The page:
* * * *

One of the disadvantages of doing a review episodically is that you're more naturally drawn to flaws within each 25-minute block rather than the overall picture. So it is that episode three begins with the Doctor being sentenced to fight the king's champion. The fact that he doesn't actually start to fight the champion until the end of the episode must surely qualify it as padding.

That said, it's still very good, despite the fact that Jon is wearing the most 70s shirt I've ever seen in the series. Alpha Centuri's voice is very irritating and high-pitched this instalment, though David Troughton is very good as King Peladon. Quite naturally, considering his father.

Oh. I guess I should mention the story's subtext. Quite obviously it's a parody of Britain's entry into the European Union, which I guess could be read as a UN reference nowadays ("Federation Law only allows unanimous decisions"). To be honest it doesn't really bear thinking about as a political commentary, and while I like Who to reference real social concerns, this one probably works better just viewed as a Who story into itself. It's actually given away who the traitor is ten minutes into this one, but I didn't pick up on it initially, even though it is extraordinarily obvious.

You know, I even like the man in a hunchbacked bearsuit who plays Aggedor in this one. It's silly but it works. Jo getting hypnotised though - how old is that joke? Not as old as when the Brigadier did it again in The Green Death, I guess. One of the worst uses of film stock in the series occurs at the end where, as I said earlier, Jon has to fight to the death. As he does so on film, the events are jarringly witnessed by the delegates and Peladonians on video tape. However, it's a viscous fight that causes the Doctor to start regenerating - note how his hair begins to change as the fight progresses.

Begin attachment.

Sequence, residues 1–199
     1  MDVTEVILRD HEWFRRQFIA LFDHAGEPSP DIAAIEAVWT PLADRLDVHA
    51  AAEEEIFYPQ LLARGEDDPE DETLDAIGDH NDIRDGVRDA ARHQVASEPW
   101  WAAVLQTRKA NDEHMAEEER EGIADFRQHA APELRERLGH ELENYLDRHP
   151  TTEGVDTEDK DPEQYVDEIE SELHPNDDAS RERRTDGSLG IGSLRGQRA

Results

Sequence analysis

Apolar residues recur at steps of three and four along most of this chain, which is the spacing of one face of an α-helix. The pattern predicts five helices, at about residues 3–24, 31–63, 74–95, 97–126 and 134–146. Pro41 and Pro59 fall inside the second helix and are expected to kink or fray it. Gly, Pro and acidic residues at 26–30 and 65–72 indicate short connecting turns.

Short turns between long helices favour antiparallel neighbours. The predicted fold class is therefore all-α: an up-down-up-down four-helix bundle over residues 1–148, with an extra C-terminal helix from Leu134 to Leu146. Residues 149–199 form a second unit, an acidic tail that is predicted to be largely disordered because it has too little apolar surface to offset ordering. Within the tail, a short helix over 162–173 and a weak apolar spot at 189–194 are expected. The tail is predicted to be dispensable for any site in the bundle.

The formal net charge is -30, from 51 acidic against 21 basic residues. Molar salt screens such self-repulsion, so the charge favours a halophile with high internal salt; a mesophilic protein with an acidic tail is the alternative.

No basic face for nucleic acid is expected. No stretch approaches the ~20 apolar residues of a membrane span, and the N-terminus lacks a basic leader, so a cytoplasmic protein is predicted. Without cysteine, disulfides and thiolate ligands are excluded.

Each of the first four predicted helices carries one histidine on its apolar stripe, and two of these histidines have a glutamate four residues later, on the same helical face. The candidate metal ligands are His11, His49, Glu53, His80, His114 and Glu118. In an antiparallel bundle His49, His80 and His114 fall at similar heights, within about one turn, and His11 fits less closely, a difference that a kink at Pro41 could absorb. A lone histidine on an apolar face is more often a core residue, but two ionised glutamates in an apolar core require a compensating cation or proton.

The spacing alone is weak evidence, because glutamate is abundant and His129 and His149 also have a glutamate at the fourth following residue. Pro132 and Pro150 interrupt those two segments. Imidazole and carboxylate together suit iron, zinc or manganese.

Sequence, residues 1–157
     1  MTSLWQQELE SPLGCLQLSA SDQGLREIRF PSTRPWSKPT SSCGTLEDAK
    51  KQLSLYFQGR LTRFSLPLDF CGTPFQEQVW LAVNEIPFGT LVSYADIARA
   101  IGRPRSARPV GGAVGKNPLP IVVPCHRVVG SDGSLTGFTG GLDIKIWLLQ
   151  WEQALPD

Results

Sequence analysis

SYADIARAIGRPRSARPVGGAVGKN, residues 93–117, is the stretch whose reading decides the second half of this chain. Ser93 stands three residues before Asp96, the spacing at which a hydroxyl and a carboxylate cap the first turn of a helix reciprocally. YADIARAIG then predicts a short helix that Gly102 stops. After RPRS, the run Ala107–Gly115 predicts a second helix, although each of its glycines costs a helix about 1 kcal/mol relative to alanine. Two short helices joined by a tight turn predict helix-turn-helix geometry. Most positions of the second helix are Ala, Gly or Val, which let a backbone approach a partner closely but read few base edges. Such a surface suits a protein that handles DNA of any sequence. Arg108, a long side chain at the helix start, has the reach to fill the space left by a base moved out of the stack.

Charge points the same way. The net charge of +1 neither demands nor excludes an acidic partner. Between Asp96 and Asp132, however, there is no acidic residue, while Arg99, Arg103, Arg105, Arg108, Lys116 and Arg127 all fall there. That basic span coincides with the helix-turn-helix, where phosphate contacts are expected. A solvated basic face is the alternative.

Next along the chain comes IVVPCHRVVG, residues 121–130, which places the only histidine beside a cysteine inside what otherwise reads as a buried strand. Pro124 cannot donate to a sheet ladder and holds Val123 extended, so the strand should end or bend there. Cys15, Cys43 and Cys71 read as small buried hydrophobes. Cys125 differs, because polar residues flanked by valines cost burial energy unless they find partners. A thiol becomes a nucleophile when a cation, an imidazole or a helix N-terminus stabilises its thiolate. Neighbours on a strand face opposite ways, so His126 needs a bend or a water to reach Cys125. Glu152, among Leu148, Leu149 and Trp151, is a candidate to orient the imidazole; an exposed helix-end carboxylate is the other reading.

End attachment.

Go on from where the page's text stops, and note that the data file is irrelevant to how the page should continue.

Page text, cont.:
* * * *

Pertwee's on his soapbox a bit in this one, but it's still good fun. Just how does the Alpha Centuri eat and hear anyway? Where's its voice coming from when it has no mouth?

Probably the weakest of the four episodes, not least because of Pertwee's polystyrene rock, this one sees events wrapped up after the story has already concluded. We already know whodunnit, so now all that's left is to get the police in and tell them the butler did it. Consequently the dialogue seems less to drive the narrative forward, more to keep it at a standstill until the episode's end. There's also a lot of interminable action sequences there to pad things out, with only David Troughton's acting cutting a swathe through the mediocrity. Just look at the intensity in his eyes - he's almost as good as his dad!

The climax - that Jo and the Doctor were pawns of the Time Lords all along - always struck me as a very clever twist. I guess in retrospect I should have seen it coming, though maybe it's overfamiliarity with the story that tells me this.
* * * *

Despite many disparate elements, the bizarre concoction of The Curse of Peladon somehow creates an excellent story. However, a second attempt to catch lightning in a bottle proved fruitless. The Monster of Peladon recreated this story two years later, though the inexplicable magic this one contains was not present.
* * * *